|July 22nd||John Drew MacKenzie (Death)|
Shanghai – born John Drew MacKenzie (1861 – 1918) was a British master craftsman and founder of the Newlyn Copper School. Educated at Clifton College, MacKenzie travelled widely before moving to Cornwall to work as a painter and illustrator.
In 1890, with Thomas Gotch (December 10th) he founded the Newlyn Industrial Class, as an offshoot of the Newlyn School of Art, instructing local people in metalwork, enamelling and embroidery.
Very socially aware and conscious of the seasonal nature of the work of men and women in the fishing industry he conceived the idea as a way to enable the same people to have an occupation all year around and also to give young men and women an useful way to spend the evenings.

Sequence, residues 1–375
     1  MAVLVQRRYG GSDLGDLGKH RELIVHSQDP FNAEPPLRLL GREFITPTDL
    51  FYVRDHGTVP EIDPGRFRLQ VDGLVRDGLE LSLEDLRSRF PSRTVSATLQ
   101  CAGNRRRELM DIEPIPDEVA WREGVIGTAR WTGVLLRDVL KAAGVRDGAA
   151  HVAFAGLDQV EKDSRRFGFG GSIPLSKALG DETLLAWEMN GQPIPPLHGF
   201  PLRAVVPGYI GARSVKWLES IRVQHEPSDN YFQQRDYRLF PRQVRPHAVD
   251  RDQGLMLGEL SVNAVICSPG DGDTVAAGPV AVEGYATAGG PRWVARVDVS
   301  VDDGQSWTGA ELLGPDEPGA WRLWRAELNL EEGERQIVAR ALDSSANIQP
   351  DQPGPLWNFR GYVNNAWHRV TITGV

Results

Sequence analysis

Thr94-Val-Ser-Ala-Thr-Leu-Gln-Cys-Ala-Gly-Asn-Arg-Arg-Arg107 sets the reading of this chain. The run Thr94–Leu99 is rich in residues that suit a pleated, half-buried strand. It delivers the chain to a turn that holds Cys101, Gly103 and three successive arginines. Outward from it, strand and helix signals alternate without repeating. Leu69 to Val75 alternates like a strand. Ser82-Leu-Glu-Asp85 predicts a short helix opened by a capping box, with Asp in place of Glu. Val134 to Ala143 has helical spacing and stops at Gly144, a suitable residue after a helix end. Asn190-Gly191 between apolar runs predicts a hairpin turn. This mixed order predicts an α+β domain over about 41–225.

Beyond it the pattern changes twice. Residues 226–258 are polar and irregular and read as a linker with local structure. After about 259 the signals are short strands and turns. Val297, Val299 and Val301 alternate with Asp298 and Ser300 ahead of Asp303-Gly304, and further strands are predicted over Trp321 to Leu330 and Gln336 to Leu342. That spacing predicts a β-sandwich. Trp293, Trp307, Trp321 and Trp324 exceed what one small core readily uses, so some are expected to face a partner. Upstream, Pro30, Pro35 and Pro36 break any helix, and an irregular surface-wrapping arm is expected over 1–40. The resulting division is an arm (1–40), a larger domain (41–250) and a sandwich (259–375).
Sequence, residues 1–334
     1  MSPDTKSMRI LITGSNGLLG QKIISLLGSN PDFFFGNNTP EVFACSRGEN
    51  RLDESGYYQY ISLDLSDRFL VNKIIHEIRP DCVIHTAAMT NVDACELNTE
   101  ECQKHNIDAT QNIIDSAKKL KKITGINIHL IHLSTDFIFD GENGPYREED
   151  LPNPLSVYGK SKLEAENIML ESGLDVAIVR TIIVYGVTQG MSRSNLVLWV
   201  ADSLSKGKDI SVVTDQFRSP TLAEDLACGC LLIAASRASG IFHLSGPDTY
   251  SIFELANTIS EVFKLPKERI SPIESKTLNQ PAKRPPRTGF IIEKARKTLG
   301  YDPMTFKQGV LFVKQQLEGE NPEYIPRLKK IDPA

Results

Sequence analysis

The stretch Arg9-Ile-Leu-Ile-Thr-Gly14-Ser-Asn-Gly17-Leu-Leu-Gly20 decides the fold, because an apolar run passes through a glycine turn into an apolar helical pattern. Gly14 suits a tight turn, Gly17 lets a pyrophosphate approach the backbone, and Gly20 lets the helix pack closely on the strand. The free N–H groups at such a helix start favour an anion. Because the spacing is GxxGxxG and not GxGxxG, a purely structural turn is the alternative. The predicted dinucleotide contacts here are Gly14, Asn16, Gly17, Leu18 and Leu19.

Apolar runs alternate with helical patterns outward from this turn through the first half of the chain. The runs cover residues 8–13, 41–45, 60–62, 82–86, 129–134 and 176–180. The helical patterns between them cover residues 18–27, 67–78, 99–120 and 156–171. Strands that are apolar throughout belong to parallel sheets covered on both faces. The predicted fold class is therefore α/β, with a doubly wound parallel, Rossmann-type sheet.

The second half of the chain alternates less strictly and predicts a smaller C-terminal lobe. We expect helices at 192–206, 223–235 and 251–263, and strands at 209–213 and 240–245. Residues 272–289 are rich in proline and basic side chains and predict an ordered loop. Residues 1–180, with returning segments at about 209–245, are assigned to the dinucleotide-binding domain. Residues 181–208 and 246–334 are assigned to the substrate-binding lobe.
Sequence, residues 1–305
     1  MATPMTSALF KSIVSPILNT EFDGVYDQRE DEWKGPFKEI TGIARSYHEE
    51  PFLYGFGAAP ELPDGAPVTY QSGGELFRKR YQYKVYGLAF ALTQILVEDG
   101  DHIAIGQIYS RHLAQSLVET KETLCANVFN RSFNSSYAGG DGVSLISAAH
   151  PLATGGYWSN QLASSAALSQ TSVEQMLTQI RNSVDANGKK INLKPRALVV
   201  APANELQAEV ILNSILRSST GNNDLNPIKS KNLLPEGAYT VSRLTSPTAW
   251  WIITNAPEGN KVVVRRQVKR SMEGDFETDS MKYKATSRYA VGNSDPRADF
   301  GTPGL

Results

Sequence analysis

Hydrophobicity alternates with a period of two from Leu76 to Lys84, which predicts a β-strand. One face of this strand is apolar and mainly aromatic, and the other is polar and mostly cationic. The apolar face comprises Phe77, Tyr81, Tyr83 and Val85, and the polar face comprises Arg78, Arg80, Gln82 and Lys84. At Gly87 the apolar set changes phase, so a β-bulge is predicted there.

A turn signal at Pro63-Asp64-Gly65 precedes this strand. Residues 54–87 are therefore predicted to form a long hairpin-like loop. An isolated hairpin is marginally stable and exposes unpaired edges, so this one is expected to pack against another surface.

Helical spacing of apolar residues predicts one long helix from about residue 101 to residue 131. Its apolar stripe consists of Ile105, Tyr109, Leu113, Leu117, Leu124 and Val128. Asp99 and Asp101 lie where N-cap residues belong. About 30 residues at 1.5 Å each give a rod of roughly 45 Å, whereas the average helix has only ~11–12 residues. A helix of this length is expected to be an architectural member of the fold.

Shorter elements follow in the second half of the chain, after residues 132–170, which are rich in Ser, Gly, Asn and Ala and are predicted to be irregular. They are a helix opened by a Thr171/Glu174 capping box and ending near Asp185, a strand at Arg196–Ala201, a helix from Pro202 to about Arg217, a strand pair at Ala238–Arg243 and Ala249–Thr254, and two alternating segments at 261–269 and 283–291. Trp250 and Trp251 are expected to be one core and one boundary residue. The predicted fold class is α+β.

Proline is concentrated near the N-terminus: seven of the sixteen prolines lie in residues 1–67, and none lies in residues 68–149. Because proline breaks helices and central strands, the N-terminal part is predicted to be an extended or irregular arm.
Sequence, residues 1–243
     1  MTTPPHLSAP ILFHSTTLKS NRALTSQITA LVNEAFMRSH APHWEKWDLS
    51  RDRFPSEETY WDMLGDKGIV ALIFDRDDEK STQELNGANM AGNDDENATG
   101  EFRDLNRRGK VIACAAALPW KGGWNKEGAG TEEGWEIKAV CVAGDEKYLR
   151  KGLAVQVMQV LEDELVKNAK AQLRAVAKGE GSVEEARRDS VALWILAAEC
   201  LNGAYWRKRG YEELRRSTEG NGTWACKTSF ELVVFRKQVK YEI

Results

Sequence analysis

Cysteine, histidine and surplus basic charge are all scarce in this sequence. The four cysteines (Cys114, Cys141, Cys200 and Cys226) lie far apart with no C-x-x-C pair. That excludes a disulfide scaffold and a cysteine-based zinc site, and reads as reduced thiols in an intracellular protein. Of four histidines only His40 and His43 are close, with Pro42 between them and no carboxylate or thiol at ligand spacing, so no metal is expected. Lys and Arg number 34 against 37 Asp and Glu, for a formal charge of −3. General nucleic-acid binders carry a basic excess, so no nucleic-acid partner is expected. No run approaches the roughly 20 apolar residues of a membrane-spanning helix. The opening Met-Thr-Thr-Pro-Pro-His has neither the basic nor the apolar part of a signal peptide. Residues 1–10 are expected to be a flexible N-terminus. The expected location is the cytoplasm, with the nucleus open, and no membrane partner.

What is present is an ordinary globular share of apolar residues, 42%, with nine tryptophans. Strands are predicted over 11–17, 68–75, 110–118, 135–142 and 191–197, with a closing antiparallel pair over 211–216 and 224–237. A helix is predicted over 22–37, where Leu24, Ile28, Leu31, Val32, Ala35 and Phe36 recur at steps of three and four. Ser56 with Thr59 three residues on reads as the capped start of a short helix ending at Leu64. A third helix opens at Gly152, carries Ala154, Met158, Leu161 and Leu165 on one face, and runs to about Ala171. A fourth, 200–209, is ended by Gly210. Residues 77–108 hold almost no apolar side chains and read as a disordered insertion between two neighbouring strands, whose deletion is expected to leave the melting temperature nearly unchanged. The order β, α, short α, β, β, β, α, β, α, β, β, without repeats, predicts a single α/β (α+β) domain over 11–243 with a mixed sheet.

MacKenzie volunteered in the First World War and died on this day in 1918 at the Norfolk War Hospital in Norwich. Two of his pupils, Tom Batten and Johnny Payne Cotton, restarted the Newlyn school in 1920.
Johnny Payne Cotton is ‘the young apprentice’ pictured in Stanhope Forbes’ painting of MacKenzie (left) and it continued until the outbreak of the Second World War.